In other words, his overall message was that the economy might be undesirably weak, but that inflation was too high for the Fed to be able to respond to that weakness. That is the main point which we should all take from today’s evidence: no imminent change in policy is likely.

Bernanke is caught in a trap of his own making. It he tells the truth, that the US economy is stuck in some slow motion depression, then the obvious consequence is more stimulus. But that same stimulus has now created such an extraordinary market expectation of an inflationary impulse through global commodity pricing that it reacts before he can stimulate, boosting inflation and preventing that very stimulus.

Basically, successive Bernanke QEs have de-anchored global capital market inflation expectations and that has stuffed his domestic mandate.

I see three possible scenarios.

First, the FOMC damns the lifeboats and delivers QE3, resulting in an epic blowoff in commodities and emerging market inflation.

Second, FOMC division persists and global markets continue to oscillate between hope and fear of free $USs.

Third, the FOMC sticks to its inflation busting guns and doesn’t stimulate until inflation expectations are re-anchored in markets.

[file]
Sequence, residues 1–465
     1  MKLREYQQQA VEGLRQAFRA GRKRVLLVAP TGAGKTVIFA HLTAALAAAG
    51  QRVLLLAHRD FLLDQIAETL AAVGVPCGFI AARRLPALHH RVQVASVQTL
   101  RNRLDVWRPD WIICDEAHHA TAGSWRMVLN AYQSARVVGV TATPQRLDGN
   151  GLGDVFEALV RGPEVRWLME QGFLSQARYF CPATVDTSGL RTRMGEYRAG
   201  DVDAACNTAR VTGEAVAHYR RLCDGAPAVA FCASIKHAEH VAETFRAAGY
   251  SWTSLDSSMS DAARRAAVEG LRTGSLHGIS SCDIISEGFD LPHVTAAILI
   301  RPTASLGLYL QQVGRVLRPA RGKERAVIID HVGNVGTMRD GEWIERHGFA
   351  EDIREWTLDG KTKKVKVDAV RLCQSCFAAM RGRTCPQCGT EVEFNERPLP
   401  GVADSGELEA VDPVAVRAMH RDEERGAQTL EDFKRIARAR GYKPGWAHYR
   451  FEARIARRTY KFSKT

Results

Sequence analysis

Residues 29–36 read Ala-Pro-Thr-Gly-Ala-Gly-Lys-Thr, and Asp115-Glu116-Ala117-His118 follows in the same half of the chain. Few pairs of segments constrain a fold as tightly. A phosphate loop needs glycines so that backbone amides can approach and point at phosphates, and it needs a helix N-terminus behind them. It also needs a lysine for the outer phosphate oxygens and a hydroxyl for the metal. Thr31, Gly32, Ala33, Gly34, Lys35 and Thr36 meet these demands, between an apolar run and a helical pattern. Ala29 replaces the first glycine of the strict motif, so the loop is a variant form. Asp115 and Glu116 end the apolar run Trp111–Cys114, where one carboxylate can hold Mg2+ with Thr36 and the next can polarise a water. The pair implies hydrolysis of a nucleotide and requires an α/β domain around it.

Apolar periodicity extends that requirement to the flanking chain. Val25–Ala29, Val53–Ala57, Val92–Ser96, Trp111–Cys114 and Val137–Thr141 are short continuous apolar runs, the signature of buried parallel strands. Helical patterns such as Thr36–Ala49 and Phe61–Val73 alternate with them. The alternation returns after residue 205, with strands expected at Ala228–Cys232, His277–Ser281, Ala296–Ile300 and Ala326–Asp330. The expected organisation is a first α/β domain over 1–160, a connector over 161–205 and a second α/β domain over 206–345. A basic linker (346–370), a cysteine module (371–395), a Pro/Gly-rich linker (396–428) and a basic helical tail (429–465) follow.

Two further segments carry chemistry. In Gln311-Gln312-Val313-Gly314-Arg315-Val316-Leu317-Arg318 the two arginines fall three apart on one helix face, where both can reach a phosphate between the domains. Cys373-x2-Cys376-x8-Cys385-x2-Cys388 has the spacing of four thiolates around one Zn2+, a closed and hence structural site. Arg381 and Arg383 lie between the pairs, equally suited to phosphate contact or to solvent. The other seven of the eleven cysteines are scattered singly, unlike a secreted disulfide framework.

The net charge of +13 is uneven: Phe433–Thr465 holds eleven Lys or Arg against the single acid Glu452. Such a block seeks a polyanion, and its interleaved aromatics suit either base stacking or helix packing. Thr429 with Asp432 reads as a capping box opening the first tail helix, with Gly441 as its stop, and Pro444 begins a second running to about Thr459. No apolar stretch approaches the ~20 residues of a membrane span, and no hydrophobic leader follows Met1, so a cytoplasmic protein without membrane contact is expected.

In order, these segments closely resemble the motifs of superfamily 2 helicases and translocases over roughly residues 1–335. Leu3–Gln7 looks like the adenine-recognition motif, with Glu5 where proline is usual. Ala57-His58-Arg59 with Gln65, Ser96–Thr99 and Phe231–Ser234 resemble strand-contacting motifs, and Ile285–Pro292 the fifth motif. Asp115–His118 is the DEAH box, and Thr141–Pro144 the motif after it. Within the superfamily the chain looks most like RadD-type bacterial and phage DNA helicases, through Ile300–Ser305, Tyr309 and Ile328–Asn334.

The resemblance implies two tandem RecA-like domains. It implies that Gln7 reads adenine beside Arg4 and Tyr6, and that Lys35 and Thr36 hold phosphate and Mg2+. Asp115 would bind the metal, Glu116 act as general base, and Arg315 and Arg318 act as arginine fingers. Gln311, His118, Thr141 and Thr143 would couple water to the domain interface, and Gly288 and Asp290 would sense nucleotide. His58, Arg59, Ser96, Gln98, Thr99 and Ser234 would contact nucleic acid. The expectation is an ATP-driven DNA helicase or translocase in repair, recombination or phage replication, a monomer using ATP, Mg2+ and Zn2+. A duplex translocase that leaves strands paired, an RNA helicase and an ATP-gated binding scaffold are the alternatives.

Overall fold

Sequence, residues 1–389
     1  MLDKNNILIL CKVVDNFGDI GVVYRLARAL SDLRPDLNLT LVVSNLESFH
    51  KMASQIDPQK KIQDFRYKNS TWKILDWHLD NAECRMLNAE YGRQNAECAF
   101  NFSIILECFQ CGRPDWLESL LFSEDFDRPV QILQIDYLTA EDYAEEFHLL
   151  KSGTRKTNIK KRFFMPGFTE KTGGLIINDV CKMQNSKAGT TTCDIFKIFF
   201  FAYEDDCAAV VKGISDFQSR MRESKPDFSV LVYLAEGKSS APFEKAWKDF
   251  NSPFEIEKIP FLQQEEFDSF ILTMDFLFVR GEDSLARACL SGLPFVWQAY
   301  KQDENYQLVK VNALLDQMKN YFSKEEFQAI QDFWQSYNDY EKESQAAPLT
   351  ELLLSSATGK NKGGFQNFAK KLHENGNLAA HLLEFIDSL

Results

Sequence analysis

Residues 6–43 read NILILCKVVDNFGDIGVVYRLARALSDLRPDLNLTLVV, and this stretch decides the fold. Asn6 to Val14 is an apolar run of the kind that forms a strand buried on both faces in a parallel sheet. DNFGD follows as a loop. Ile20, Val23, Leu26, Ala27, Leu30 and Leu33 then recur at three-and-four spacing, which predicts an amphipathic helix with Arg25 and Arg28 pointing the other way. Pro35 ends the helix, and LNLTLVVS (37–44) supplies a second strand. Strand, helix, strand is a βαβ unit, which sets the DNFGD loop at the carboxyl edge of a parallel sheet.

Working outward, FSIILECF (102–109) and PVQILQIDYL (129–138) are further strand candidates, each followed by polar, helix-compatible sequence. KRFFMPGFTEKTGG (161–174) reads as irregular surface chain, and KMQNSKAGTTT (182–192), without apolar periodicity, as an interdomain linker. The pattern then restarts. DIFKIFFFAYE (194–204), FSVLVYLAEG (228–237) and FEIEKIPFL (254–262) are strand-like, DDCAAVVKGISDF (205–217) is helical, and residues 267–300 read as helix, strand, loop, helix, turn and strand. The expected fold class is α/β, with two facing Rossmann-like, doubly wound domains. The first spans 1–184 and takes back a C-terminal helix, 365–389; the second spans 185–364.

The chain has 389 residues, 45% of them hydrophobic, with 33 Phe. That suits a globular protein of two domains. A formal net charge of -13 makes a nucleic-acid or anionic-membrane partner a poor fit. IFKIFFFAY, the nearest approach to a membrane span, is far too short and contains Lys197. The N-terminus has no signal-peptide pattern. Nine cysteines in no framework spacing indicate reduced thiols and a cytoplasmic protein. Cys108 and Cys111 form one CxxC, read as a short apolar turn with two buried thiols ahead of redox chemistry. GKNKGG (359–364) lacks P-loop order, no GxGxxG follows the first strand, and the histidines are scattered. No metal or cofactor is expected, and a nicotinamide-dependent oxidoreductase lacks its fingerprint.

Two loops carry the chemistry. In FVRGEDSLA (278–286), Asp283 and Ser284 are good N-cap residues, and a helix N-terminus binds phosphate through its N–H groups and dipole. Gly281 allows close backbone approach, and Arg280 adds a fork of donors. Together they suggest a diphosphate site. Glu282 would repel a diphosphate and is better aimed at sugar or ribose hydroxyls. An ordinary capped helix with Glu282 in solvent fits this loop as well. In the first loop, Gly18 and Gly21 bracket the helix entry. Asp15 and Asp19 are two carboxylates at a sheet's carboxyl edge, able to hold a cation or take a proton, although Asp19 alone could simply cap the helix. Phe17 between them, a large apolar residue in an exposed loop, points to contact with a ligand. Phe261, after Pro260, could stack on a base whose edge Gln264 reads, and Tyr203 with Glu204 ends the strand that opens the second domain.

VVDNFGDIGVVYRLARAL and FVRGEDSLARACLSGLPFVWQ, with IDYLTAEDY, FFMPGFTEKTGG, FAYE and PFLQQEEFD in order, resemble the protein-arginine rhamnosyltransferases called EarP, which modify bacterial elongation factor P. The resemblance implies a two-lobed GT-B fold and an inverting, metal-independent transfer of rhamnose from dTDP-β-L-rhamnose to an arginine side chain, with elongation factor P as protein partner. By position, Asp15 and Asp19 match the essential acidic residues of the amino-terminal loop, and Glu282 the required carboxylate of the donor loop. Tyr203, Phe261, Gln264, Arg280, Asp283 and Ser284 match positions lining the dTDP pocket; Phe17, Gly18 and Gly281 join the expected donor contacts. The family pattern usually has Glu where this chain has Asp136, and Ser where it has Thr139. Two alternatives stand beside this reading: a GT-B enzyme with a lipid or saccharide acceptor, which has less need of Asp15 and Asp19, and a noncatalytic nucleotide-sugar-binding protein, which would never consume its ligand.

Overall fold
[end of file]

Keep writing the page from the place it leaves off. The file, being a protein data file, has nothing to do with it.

The history of the FOMC still suggests to me that option one is the most likely.

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Comments

  1. Given the reaction from a ‘hint’ of further QE, imagine what we see when/if Bernanke follows through! Got Gold?

    That said I can’t help that feel things might be left to deteriorate further before the QE3 lever is pulled. Bernanke will probably try and talk the market up for a few months first (IMO).

  2. Good piece…how does Ron Paul fit into all of this. When he is going to get a chance to grill the Bernanke about how money printing fits in wit their vague mandate?

  3. Ok, so lets say Ben goes for option 1, namely…

    FOMC damns the lifeboats and delivers QE3, resulting in an epic blowoff in commodities and emerging market inflation.

    How does China handle such a scenario with the RMB still pegged to the US dollar, and the Chinese authorities desperately trying to keep a lid on inflation.

    I keep reading that Chinese inflation is all food inflation, but how can that possibly be so if hard commodities like iron ore and coal rip higher while the Yuan is still pegged to the USD?